Yes, the M&P 15 and the AK-47 are “military-style weapons.” But the key word is “style” — they are similar to military guns in their aesthetics, not in the way they actually operate. The guns covered by the federal assault-weapons ban (which was enacted in 1994 and expired ten year later) were not the fully automatic machine guns used by the military but semi-automatic versions of those guns.
The civilian version of the AK-47 uses essentially the same sorts of bullets as deer-hunting rifles, fires at the same rapidity (one bullet per pull of the trigger), and does the same damage. The M&P 15 is similar, though it fires a much smaller bullet — .223 inches in diameter, as opposed to the .30-inch rounds used by the AK-47.
The Aurora killer’s large-capacity ammunition magazines are also misunderstood. The common perception that so-called “assault weapons” can hold larger magazines than hunting rifles is simply wrong. Any gun that can hold a magazine can hold one of any size. That is true for handguns as well as rifles. A magazine, which is basically a metal box with a spring, is also trivially easy to make and virtually impossible to stop criminals from obtaining.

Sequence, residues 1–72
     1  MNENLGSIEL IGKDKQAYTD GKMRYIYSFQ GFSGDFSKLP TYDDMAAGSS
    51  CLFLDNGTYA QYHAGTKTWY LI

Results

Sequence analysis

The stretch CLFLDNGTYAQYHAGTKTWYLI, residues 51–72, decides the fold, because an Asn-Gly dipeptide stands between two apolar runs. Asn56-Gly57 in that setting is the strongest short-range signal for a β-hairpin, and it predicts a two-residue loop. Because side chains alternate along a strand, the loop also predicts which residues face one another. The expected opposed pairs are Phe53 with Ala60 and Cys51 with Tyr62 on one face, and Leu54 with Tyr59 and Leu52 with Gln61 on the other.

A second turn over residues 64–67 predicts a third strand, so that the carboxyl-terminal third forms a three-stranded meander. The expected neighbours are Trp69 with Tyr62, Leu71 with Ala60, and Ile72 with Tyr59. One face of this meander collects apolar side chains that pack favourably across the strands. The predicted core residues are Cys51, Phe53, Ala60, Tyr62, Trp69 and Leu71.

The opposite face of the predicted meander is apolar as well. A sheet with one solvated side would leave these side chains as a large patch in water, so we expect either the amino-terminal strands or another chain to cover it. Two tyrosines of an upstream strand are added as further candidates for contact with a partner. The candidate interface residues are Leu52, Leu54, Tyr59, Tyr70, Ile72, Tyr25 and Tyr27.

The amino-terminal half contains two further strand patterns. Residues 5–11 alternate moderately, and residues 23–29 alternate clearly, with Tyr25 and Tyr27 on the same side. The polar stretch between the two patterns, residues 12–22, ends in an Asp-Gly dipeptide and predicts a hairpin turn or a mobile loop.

Personally I think this is all beside the point. If your average police department can have fully-automatic M16s, flash bang grenades, paramilitary style tanks with 360 degree rotating turrets, then why can’t I? Especially if we’re talking about civilian usage. Wouldn’t it make sense to ban these types of “military-style weapons” from being used by the agents of the state who patrol our streets? Why do these individuals, who are after all just as human as the rest of us, get to keep their arms while the citizenry are disarmed?
“Tyranny is defined as that which is legal for the government but illegal for the citizenry.” — Thomas Jefferson